October 12, 2022
Education (financial) Wednesdays
Welcome back friends to Education Wednesdays on my B.R.E.A.T.H.S. blog. For this month, I am holding this space to share my financial education journey for each of the decades I have been through, where I am at, and where I plan to be. For each of the four weeks I will be transparent, honest, and forthcoming with successes and burdens with my financial education through the years as a means to reflect and grow my financial literacy knowledge.
My Financial Education Journey: Teen Years
The first week in October, I shared about the first decade of my experiences with money and a family of four children under ten living with our single mother. Our lives dramatically changed after that with the introduction to not one, but two step fathers. This second week, I will discuss my financial education journey from about eleven to 18 years of age.
4th grade to 6th grade (10-12yrs old)
After the first decade with a single mom, she married for the first time, and that lasted five years. My fourth grade year, I was working my first job at a snack food stand at the local ball field where my payment was in snacks, so I had to up my money game. By my 5th grade year at 12, I was old enough to babysit for cash, so I started seeking parents at the church I attended. News of my skills spread fast and it seemed like I was babysitting for the entire city.
7th grade to 8th grade at Middle School (13-14yrs old)
By middle school, I was the lead babysitter at my church daycare, and had a more regular income. With all this money coming in, I had no idea what to do with it other than buy things that I really wanted, which were nice accessories for school (leather jackets, Esprit bags, and Ked’s shoes). Those middle years I became more self conscious with my body changes, getting my hair permed, and somehow developing what my mom calls, “bang disease,” which thankfully I quickly grew out of.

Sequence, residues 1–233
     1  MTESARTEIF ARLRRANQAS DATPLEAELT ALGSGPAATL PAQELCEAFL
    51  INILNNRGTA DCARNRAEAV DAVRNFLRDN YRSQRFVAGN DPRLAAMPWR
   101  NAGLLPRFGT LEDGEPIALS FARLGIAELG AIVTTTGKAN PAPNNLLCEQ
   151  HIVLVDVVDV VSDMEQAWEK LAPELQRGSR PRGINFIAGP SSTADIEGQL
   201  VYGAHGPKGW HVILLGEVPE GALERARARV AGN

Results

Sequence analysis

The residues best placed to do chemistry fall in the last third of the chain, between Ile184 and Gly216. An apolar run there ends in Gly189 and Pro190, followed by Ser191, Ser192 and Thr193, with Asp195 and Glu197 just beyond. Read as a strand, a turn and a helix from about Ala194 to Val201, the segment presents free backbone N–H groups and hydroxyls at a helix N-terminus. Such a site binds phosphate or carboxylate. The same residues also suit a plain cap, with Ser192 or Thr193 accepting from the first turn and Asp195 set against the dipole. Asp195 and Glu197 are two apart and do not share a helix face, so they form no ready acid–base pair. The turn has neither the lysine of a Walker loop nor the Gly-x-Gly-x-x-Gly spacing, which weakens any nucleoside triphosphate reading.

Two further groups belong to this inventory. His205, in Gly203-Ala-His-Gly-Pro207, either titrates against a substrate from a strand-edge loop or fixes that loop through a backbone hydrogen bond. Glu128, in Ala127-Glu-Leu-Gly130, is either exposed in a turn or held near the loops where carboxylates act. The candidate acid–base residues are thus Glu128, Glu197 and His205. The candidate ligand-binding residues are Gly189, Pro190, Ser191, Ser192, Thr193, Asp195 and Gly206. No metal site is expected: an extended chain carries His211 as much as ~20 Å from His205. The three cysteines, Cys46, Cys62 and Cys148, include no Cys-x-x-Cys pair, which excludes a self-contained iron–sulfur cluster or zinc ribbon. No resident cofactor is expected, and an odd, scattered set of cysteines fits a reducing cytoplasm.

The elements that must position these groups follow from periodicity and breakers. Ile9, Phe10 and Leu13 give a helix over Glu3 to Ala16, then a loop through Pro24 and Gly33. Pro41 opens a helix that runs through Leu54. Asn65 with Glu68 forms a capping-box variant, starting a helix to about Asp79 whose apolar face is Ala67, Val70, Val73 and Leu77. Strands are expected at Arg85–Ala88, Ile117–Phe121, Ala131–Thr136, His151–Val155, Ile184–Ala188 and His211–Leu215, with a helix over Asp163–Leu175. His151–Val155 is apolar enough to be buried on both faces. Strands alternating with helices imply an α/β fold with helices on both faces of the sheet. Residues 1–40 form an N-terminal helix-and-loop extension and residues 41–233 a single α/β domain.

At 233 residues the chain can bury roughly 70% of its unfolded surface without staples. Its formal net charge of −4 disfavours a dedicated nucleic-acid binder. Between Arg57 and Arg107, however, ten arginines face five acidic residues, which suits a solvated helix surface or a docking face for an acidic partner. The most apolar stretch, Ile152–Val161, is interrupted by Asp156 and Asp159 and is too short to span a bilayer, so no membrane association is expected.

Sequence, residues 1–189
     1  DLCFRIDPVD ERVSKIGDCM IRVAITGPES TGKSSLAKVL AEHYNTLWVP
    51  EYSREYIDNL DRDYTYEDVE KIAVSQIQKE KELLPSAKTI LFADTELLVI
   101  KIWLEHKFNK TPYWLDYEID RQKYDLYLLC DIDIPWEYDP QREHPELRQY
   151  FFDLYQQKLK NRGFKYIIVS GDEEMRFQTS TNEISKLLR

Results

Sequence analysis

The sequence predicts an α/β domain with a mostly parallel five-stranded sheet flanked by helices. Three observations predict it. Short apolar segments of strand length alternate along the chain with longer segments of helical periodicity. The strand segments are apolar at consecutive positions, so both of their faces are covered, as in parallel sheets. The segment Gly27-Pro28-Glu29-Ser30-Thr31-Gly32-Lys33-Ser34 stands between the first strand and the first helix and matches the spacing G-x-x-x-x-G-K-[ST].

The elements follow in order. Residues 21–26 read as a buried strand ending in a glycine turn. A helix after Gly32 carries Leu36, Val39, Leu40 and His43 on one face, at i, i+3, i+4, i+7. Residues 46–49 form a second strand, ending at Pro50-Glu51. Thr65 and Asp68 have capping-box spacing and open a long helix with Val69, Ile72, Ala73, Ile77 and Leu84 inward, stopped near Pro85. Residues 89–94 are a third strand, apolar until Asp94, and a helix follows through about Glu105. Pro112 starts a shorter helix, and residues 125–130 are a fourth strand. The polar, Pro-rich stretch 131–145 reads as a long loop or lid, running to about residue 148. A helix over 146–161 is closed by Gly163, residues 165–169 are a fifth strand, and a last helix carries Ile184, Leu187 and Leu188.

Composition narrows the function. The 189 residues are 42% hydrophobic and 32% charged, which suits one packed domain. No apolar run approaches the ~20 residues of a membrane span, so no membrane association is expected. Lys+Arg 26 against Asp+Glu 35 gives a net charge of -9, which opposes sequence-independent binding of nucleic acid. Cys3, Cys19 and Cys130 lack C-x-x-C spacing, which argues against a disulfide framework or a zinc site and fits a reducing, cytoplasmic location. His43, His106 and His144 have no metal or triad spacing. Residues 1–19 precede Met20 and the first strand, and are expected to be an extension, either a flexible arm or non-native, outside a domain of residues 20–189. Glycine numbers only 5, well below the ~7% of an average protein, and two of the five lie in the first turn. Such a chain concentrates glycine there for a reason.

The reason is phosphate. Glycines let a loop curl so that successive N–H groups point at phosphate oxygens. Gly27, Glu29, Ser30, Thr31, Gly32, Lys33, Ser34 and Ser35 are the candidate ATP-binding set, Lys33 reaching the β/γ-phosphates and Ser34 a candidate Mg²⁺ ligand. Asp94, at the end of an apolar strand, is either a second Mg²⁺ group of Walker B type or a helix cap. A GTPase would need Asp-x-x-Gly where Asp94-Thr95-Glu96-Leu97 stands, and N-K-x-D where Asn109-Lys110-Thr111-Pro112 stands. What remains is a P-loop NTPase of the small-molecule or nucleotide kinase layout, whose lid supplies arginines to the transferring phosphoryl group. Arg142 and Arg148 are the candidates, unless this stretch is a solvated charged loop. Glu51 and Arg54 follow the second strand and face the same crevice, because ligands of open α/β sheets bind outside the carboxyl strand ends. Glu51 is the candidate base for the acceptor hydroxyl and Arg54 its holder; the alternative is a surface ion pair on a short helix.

9th grade to 11th grade (15-17 yrs old)
My mom was divorced by my freshman year of high school and remarried again my junior year. In my sophomore year, I got my driver’s license, and was able to expand my babysitting services to more rural areas of my small town, or in the bigger neighboring cities. You would think I saved some money for my first car with all my babysitting money, but after getting some used cars from my family, I didn’t make that a priority.
I am 18, an Adult
Just a few months into my senior year I turned 18. I made it through school with honors, scholarships, and a sense of satisfaction for working so hard to get good grades, and was ready for college (which turned out to be another 25 years of school). Out of ALL those years in school, my senior year had the one and only class on personal finance, right before I ventured off into adulthood. That is the point of me writing this financial education blog, because in hindsight, there was very little financial literacy along my journey. So, did things change as a young adult?
4 thoughts on “My Financial Education Journey: Teen Years”
Looking forward to seeing more of this journey. It is shocking to me how little we learn about money as kids. Most of it is simply learned through observation and most of us aren’t growing up watching people who were making supportive financial choices!
BINGO! Observation is key, I am so glad you commented that, and are picking up what I am throwing down! Kids don’t know to ask about money, and my mom was very quiet when it came to finances until it was bill time, and then things would tense up. So that is what I learned to do when it came to money. I thank my mom for what she taught us and told her its not her fault we didn’t know about financial literacy because this is how the majority of the population was taught by their previous generations. Future generations can change that cycle by discussing money and finances with children as soon as they can speak. Regardless if they can talk, kids will always be watching, so caretakers of children should definitely be mindful of how they act around finances. Sending lots of love, Jaime
What an interesting childhood! While I didn’t learn a lot on finances when I was young, I did observe my parents always saving money at the grocery store. We weren’t wealthy by any means, both my parents worked andy grandparents lived with us. Mom and dad always saved a certain amount of money each week, even if only a few dollars. I know I got my shopping, meal planning and saving smarts from my parents and grandparents. To this day, I’m like my parents, always say “We’re saving for when we got old.”
Hello Martha, I admire the way your family had such a tremendous impact on your financial literacy. My mom did her best with coupons, WIC support, and cooked what she had as a means of meal planning, but I never saw her with/around money, it was almost like a secret.Thank you for sharing how your family discussed financial literacy. I am very curious how others talked about money, or lack there of, and the impact it had on their lives. Much gratitude for you reading and commenting. Sending love, Jaime.